Ray, the shipping manager for Cleveland-based Allied Industrial, needed to get 23 pallets of expensive stainless steel and copper sub-assemblies to its customer, a defense contractor in upstate New York.
Intermodal Shipping—it’s Affordable
Some logistics and shipping managers think that sending goods via intermodal freight is for large companies only. That’s a myth. While the above scenario is fictitious, similar sequences are repeated at businesses everyday. And many of the companies choosing intermodal rail are small and midsize enterprises.
Even with cheap fuel and overcapacity in LTL and TL, shippers can save more when they divert to intermodal shipping. In fact, according to a survey of 600 supply chain managers conducted by Wolfe Research, “Companies expect 14 percent of their total over-the-road volumes to go through intermodal in five years.” That’s according to an article originally reported this year on the transportation website JOC.com.
Note, your shipping distance should be at least 750 miles before considering intermodal rail. Any distance less than that is usually not cost effective.
Your freight (ideally on pallets) is placed inside a 20, 40, or 53-foot shipping container and delivered to the railroad yard via truck. Sometimes, these containers are the same containers used on ocean-going vessels. At the rail yard, the container is plucked from the drayman’s truck with an enormous crane and placed on a railcar.
Besides lower costs, intermodal shipping offers other advantages:
Intermodal rail is more secure: Rail yards are more secure than truck stops. Some intermediate rail yards are far from populated areas of cities where access is tightly controlled by railroads. Containers, on the other hand, are picked up and dropped off in or near major cities. All rail containers must be sealed and can only be opened by the shipment’s consignee.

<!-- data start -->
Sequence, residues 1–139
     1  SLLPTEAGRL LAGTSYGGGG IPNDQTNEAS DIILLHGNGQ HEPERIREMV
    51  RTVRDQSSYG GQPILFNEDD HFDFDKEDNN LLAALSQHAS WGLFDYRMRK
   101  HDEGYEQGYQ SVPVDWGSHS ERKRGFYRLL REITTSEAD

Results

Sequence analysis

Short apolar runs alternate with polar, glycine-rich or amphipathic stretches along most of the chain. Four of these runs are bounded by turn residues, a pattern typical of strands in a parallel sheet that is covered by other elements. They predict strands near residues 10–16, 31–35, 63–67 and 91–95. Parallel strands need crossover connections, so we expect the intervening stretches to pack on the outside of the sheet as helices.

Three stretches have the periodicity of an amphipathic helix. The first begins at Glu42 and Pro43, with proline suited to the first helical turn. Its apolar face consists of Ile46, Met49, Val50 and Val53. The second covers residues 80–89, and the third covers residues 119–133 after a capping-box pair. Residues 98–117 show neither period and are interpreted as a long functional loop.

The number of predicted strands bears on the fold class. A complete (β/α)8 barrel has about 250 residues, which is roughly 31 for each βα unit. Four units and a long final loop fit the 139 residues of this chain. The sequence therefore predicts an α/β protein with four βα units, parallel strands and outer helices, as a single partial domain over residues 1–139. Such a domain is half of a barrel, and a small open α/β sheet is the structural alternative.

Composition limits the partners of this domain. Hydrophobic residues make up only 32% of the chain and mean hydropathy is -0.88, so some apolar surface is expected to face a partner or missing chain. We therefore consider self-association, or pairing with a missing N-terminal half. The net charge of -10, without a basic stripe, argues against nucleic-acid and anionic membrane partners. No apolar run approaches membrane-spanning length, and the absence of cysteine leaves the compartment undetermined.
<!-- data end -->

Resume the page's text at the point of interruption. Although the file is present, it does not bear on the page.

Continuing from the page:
Intermodal rail is more efficient: Trains run on tight, predictable schedules. Trains can also haul a lot more freight than a truck, and thus capacity is very scalable. Much of California’s produce is packed into refrigerated rail cars and sent on 3,000-mile treks across the U.S. Union Pacific estimates it takes about 200 semi-trucks to equal the hauling capacity of a 55-car train.
Intermodal rail is better for the environment: It’s estimated that a single rail shipment can conserve 100,000 gallons of diesel fuel and reduce CO2 emissions by 85,000 metric tons per year, according to Food Logistics magazine. Trucks emit about 19.8 Pounds of CO2 per 100 ton-miles, nearly three times more than train emissions of 5.4 pounds. Overall, less diesel fuel consumption reduces greenhouse gasses and particulate emissions by 75 percent and nitrogen oxide emissions by 80 percent.
Additionally, rail is one mode that should be resilient to the looming truck driver shortage. Perhaps this is reason enough to consider intermodal rail for your next shipment.
Want help planning and shipping intermodal rail? We’ll make sure your freight gets there on time and on budget.